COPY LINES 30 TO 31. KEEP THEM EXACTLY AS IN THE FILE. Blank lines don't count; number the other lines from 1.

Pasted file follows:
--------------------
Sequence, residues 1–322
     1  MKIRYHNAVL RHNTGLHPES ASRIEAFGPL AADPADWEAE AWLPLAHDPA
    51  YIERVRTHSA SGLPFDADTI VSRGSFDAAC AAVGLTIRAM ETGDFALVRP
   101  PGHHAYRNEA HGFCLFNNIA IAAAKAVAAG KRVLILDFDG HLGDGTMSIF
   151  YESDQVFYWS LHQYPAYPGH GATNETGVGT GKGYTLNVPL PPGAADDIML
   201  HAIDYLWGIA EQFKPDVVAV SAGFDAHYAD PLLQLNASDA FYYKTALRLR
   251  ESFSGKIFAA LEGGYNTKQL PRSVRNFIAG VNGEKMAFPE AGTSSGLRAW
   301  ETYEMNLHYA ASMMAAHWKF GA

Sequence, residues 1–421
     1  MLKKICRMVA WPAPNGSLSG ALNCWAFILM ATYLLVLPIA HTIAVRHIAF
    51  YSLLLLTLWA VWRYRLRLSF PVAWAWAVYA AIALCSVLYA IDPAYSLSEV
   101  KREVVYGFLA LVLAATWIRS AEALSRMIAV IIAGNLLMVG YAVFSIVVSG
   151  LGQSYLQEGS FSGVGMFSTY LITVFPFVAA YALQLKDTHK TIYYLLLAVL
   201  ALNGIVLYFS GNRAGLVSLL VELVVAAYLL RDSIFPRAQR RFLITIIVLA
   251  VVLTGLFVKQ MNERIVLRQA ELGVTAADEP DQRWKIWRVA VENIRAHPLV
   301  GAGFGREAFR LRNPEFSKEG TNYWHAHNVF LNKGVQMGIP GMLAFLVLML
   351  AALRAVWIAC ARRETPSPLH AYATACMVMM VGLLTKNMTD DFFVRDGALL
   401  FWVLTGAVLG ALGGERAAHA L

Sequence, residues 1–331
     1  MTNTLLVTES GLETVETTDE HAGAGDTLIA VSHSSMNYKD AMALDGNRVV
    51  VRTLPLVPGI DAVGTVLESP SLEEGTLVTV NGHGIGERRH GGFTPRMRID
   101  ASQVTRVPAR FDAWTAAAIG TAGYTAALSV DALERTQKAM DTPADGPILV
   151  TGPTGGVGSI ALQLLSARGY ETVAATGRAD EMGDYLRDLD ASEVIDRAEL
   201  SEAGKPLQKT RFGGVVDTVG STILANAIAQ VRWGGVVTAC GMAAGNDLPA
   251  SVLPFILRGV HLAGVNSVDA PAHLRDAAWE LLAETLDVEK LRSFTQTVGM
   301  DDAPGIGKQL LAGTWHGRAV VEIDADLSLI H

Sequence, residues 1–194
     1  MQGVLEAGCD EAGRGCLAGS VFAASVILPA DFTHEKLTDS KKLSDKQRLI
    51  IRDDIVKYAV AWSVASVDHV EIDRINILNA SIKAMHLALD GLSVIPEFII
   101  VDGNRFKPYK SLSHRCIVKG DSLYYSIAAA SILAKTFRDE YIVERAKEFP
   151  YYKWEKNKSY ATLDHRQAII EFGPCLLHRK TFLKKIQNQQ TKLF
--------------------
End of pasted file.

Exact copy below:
   101  VDGNRFKPYK SLSHRCIVKG DSLYYSIAAA SILAKTFRDE YIVERAKEFP
   151  YYKWEKNKSY ATLDHRQAII EFGPCLLHRK TFLKKIQNQQ TKLF